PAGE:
characteristic a close subservience to its Vergilian model, the eclogue
participated in the general rise of allegory which marked the later middle
ages. Pastoral colouring of no very definite order had shown itself in the
elegies of Alcuin in the eighth century, as also in the 'Conflictus veris
et hiemis,' traditionally ascribed to the Venerable Bede, but more
probably the work of one Dodus, a disciple of Alcuin. Of the tenth century
we possess an allegorical religious lament entitled 'Ecloga duarum
sanctimonialium.' About 1160 a Benedictine monk named Metellus composed
twelve poems under the title of _Bucolica Quirinalium_, in honour of St.
Quirinus and in obvious imitation of Vergil. Reminiscences and paraphrases
of the Roman poet are scattered throughout the monk's own barbarous
hexameters, as in the opening verses:

Tityre tu magni recubans in margine stagni
Silvestri tenuique fide pete iura peculi!

It would hardly be worth recording these medieval clerks, the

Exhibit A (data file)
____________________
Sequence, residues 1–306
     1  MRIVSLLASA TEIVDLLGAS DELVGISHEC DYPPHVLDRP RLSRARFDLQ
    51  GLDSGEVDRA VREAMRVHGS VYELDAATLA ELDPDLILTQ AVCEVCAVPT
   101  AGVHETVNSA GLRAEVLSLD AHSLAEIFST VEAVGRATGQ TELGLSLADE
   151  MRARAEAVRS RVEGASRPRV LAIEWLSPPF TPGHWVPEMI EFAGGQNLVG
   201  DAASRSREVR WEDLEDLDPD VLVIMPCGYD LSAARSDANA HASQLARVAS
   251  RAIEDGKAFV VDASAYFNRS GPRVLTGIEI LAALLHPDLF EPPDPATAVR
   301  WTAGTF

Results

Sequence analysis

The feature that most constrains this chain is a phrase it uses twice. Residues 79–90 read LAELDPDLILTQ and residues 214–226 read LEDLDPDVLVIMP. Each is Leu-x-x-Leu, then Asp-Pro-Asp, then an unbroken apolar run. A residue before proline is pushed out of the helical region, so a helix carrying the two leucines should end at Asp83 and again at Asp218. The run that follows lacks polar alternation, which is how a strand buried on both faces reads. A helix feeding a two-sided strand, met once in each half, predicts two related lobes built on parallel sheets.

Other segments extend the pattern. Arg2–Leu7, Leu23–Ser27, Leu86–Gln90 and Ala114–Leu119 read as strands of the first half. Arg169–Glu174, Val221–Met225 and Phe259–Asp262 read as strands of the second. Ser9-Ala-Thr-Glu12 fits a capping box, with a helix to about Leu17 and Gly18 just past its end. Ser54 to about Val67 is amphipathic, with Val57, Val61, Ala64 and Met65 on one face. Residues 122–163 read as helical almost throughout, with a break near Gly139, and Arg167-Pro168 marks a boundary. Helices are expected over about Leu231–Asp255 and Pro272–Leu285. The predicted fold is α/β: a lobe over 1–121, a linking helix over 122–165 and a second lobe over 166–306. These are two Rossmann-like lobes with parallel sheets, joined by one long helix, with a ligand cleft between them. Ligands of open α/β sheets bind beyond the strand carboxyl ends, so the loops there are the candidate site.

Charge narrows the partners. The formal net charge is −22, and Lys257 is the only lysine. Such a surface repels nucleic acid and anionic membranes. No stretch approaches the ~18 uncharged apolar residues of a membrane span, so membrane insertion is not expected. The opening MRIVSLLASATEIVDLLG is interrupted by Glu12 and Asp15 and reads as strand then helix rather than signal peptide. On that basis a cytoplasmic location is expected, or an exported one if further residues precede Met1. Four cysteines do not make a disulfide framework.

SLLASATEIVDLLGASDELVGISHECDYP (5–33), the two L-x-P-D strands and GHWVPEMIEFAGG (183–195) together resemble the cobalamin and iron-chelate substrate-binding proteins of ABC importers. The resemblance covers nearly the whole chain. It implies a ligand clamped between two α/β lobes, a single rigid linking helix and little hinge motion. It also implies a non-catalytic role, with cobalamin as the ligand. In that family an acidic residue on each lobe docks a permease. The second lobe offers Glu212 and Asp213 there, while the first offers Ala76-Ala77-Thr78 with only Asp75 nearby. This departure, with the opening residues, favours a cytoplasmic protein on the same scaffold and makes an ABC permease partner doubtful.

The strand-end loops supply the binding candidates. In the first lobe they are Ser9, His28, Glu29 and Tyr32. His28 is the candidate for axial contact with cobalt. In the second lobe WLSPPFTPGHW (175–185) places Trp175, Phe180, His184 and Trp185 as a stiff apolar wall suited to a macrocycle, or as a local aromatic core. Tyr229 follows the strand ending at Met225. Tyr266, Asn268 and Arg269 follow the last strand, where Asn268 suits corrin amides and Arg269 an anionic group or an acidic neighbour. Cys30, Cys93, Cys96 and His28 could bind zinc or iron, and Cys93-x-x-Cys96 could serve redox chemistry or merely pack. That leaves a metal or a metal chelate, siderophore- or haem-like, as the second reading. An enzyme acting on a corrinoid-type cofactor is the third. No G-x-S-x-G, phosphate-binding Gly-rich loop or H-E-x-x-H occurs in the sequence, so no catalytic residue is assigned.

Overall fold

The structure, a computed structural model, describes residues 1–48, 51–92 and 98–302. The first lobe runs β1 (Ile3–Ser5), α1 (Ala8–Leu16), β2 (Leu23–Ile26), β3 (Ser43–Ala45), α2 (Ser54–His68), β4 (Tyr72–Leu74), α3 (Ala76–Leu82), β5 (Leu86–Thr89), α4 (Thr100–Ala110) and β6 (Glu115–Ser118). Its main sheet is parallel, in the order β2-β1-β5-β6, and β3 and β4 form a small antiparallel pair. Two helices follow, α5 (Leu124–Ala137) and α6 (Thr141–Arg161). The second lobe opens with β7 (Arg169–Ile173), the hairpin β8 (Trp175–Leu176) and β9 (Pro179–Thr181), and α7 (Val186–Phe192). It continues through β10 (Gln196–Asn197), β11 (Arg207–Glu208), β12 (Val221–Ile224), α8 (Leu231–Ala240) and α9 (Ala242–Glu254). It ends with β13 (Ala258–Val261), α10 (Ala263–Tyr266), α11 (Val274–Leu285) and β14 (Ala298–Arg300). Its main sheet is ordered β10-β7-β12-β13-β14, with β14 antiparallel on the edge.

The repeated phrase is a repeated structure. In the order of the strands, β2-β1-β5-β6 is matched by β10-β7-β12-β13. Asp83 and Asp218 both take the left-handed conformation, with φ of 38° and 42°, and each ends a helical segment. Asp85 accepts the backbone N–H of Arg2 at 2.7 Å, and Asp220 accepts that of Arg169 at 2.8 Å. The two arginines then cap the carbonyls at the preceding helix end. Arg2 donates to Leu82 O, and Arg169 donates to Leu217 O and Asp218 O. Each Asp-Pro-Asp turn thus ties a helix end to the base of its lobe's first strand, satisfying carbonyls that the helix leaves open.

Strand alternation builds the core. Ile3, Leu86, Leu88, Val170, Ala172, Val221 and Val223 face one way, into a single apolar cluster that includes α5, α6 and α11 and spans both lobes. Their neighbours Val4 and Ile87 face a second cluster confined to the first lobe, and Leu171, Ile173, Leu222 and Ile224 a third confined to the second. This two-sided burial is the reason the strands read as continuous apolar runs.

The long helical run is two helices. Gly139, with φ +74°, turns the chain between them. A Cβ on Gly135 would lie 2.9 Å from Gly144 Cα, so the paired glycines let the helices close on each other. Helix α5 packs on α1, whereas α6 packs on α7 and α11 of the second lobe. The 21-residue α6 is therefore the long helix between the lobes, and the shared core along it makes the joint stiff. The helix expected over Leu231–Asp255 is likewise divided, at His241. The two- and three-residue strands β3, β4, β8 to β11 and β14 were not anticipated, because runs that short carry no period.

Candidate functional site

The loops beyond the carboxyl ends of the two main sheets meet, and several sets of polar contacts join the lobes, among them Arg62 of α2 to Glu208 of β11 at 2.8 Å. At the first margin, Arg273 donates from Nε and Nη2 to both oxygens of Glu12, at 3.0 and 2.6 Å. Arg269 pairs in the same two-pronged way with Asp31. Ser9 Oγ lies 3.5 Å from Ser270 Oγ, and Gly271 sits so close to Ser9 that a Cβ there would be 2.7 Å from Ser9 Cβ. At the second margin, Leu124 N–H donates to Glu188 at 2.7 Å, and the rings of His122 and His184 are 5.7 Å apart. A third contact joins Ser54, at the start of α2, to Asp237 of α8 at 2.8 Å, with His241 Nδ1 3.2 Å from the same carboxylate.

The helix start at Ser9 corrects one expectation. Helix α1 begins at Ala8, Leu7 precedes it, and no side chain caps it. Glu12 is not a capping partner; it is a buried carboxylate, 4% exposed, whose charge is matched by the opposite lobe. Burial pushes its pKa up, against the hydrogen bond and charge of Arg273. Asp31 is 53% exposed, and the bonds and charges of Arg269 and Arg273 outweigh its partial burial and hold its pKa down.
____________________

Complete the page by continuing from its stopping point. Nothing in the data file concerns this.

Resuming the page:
undistinguished writers, 'de quibus,' Boccaccio said, 'nil curandum est,'
were it not that they show how the memory at least of the classical
pastoral survived amid the ruins of ancient learning, and so serve to lead
up to one last spasmodic manifestation of the kind in certain poems which
else appear to stand in a curiously isolated position.

It was in 1319, during the bitter years of his exile at Ravenna, that
Dante received from one John of Bologna, known, on account of his fame as
a writer of Latin verse, as Giovanni del Virgilio, a poetical epistle
inviting him to visit the author in his native city. His correspondent,
while doing homage to his poetic genius, incidentally censured him for
composing his great work in the base tongue of the vulgar[20]. Dante
replied in a Vergilian eclogue, courteously declining Giovanni's
invitation to Bologna, on the ground that it was a place scarcely safe for
his person. As regarded the strictures of his correspondent, his
triumphant answer in the shape of the _Paradiso_ lay yet unfinished, so
the author of the _De Vulgari Eloquio_ trifled with the charge and